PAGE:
The Environment
Oral Questions

2:40 p.m.

Ottawa West—Nepean
Ontario

Conservative

John Baird Minister of the Environment

Mr. Speaker, that is one of the best questions I have ever heard from that side of the House.

The reality is the Liberals do not have a right to complain if they do not vote. The reality is the Liberal Party of Canada voted confidence in this party, in this government, on our environmental record.

If the Liberal Party could do anything, perhaps it could call Ontario Premier Dalton McGuinty and ask him to finally close those dirty coal-fired plants that he promised to close last year and failed to deliver.

Justice
Oral Questions

March 11th, 2008 / 2:45 p.m.

NDP

Joe Comartin Windsor—Tecumseh, ON

Mr. Speaker, the number of leaks that go unpunished is on the rise and the Conservatives cannot be trusted to fix the problem. The Conservatives' NAFTA leak and the Liberals' income trust leak are two recent examples.

Breach of trust provisions in the Criminal Code cannot be applied to most leaks and the Security of Information Act was struck down in 2006. Internal investigations and disciplinary measures just will not wash.

When will the Conservatives introduce measures to close the gaps in the law and get tough on leaks?

Justice
Oral Questions

2:45 p.m.

Niagara Falls
Ontario

Conservative

Rob Nicholson Minister of Justice and Attorney General of Canada

Mr. Speaker, we are certainly prepared to do that. It is true that one of the provisions was struck down by the courts, but we responded in a report to Parliament in July 2007.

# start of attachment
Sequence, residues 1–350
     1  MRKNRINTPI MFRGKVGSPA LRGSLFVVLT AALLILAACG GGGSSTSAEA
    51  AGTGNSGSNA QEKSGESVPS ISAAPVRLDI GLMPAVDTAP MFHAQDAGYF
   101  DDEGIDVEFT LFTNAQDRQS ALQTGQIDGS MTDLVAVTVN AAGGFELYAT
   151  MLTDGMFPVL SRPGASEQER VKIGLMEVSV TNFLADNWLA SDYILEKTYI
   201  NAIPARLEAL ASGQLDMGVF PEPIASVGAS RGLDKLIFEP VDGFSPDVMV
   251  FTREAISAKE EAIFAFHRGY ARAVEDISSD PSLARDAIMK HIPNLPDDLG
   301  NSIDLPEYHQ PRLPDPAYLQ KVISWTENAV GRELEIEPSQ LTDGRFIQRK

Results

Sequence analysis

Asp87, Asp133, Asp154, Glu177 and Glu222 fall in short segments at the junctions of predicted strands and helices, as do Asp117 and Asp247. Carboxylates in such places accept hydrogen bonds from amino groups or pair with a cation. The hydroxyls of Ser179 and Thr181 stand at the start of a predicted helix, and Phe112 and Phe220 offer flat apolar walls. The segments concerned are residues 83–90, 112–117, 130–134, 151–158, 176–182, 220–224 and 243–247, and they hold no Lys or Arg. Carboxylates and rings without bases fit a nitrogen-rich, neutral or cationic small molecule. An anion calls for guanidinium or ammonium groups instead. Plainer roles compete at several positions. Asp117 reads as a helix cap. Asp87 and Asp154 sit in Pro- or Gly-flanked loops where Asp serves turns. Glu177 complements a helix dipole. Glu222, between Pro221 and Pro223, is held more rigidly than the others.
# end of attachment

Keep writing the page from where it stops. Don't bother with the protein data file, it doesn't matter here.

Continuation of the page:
I should point out to the hon. member that there are a number of legislative provisions in the CSIS Act and he should not forget that section 122 of the Criminal Code provides for a breach of trust. There are many provisions available.

Canada-U.S. Relations
Oral Questions

2:45 p.m.

NDP

Joe Comartin Windsor—Tecumseh, ON

Mr. Speaker, the former Conservative minister, Michael Wilson, now the government's Ambassador to the U.S., was aware of the NAFTA leak that interfered in the American democratic process before the story broke.

Mr. Wilson is now hiding behind a so-called private conversation to deny any wrong. That is not good enough.

An internal probe by the Prime Minister's staff will not get to the bottom of this scandal. When will the RCMP be called in to investigate the actions of Ian Brodie, Michael Wilson, and all the other actors in the NAFTA leak?

Canada-U.S. Relations
Oral Questions

2:45 p.m.

Beauce
Québec

Conservative

Maxime Bernier Minister of Foreign Affairs

Mr. Speaker, we are taking this matter very seriously. It is why the Clerk of the Privy Council is right now carrying out a full and complete investigation.

I want to express to the hon. member the importance of our free trade agreement with the U.S. We have a good free trade agreement. It has been productive. It has been very good for job creation in our country and also in the U.S. and Mexico. We hope to continue to build on the good relationship that we are having with the U.S. in the near future.

Canada-U.S. Relations